FAS and FAM elections: Malaysia the clear winner

Singapore football has a new leadership team following Saturday’s first ever election for control of the Football Association of Singapore.

Team LKT, led by former FAS vice-president Lim Kia Tong, beat the Game Changers, led by the chairman of Hougang United and Tiong Bahru football clubs Bill Ng, by 30 to 13 in a vote to win control of the FAS for the next four years.

Saturday’s vote means that both Singapore and Malaysia have seen changes of football leadership in the last two months, with new people in charge of administrating and developing what both nations like to call their national sport – although that’s where the similarities end.

When Tunku Ismail Sultan Ibrahim (TMJ) won control of the Malaysian football association (FAM) in late March it marked a watershed moment.

TMJ had already forged an identity as a radical reformer of the game both on and off the pitch.

In just a few short years he had revamped club side Johor Darul Ta’zim into a Southeast Asian football powerhouse, developing a football infrastructure like no other while delivering unprecedented success on the pitch in the form of three-straight Malaysia Super League titles and the 2015 AFC Cup – a first for Southeast Asia.

Already in just a month, he has begun to change things in Malaysian football, giving teeth to the body that runs the league, taking steps to address officiating standards and tackle corruption, as well as making the FAM a leaner, more efficient organisation.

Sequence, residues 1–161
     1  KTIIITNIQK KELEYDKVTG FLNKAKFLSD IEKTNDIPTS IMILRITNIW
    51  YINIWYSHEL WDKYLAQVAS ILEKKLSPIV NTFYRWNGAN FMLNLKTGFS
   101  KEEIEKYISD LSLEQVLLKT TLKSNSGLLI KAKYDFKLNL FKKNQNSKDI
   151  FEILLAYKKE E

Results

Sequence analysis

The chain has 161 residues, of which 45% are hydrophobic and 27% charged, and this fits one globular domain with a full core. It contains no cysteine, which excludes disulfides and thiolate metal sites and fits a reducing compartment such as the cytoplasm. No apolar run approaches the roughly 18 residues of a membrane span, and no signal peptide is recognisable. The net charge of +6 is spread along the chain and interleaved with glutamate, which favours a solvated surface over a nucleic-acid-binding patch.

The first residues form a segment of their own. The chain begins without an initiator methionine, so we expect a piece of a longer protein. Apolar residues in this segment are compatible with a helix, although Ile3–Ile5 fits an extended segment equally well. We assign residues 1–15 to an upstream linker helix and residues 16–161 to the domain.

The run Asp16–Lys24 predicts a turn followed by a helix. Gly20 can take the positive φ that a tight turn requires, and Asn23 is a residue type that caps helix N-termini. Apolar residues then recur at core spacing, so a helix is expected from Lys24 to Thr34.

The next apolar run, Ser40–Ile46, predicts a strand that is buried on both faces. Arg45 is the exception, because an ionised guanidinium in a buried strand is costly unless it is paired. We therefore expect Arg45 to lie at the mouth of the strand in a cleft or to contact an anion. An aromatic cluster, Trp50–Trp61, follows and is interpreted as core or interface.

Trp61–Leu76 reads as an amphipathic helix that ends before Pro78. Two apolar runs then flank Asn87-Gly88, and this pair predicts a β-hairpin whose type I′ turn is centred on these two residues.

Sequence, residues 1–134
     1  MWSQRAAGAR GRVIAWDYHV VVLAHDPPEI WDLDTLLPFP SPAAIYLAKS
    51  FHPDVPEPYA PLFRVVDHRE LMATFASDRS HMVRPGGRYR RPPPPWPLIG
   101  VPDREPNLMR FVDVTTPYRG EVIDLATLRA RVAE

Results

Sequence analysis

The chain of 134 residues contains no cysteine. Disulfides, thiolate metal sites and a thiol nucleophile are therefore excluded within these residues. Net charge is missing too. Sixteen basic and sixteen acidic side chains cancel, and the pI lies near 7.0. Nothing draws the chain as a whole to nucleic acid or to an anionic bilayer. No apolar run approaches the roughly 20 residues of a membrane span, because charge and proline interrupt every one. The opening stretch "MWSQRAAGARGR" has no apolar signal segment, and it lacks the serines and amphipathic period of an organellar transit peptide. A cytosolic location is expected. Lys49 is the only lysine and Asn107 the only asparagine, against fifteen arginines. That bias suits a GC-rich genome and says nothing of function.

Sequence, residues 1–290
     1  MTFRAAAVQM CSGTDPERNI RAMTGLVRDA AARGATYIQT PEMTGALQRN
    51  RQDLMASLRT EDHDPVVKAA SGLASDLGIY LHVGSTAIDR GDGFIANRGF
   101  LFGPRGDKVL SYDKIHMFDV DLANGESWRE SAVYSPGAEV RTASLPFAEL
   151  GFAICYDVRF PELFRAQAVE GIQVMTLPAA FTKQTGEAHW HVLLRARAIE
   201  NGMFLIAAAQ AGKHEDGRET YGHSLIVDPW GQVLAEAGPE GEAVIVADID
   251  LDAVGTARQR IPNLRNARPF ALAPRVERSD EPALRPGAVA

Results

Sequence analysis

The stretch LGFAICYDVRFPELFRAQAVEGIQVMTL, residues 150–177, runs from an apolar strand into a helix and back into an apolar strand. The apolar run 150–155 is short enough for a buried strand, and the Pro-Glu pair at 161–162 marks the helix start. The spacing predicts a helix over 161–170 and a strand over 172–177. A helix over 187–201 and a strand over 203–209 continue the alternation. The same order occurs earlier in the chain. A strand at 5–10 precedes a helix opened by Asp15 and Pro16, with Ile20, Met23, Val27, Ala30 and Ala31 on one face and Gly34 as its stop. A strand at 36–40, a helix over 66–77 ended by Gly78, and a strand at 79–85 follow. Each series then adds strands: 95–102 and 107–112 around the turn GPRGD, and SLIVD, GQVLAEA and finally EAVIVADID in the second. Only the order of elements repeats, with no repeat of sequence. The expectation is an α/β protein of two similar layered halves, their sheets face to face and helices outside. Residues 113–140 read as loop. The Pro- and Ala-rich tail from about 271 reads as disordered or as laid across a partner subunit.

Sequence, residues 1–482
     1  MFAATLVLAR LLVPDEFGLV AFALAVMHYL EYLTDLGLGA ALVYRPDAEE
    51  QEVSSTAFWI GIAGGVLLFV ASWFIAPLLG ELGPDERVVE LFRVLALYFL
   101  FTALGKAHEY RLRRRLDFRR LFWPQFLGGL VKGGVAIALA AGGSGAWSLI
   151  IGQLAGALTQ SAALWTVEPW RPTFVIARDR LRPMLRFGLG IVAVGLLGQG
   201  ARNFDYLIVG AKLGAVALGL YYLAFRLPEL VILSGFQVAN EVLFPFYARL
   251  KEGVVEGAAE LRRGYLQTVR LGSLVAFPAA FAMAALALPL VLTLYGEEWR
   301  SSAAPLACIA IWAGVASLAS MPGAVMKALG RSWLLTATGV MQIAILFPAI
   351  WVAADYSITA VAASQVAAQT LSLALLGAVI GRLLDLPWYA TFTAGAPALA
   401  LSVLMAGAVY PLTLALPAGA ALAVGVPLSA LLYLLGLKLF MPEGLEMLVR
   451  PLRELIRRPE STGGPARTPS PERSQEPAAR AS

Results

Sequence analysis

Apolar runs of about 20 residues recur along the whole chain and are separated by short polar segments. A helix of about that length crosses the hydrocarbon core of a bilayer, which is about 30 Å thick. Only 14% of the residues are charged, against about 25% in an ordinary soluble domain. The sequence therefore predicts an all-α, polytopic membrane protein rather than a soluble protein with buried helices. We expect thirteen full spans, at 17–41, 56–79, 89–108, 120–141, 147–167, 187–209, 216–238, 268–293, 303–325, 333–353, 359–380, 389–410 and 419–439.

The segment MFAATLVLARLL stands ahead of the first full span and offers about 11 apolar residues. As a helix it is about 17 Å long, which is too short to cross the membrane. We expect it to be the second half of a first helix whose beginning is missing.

Of course, it will take time before the changes can be deemed a success or not, but at least observers can already see that TMJ is shaking things up and attempting to tackle the problems and vested interests that many believe have held up development of the game in Malaysia in recent decades.

Contrast that with Singapore and even the most optimistic of football fans would struggle to believe that Lim and his team will have anywhere near the same effect.

Lim is an FAS man through and through, he has been with the association in one position or another since 1992, or about the same period that fans will argue that Singapore football has been in decline.

And despite 25 years with the organisation and being well regarded within football circles, most fans would struggle to name even a single achievement of his.

Anybody expecting the same kind of radical change as implemented in Malaysia is likely to be disappointed given Lim’s remarks following his win, the new president saying that any “changes will be carefully considered before they are implemented,” which basically sounds like a euphemism for ‘nothing will change’ and if it does change will be glacial.

Of course, we may all be wrong and Lim and his team may make drastic changes that will restore Singapore to the heady days of the early 90s when it was ranked 73rd in the world instead of the current 159th – but don’t bet on it.

Given the records of the two new chairman, it is a no-brainer to predict that football in Malaysia will probably make great strides over the next few years while Singapore will continue to stagnate.

One thing is sure though, is that fans of the beautiful game on both sides of the causeway will be watching future developments with renewed interest.

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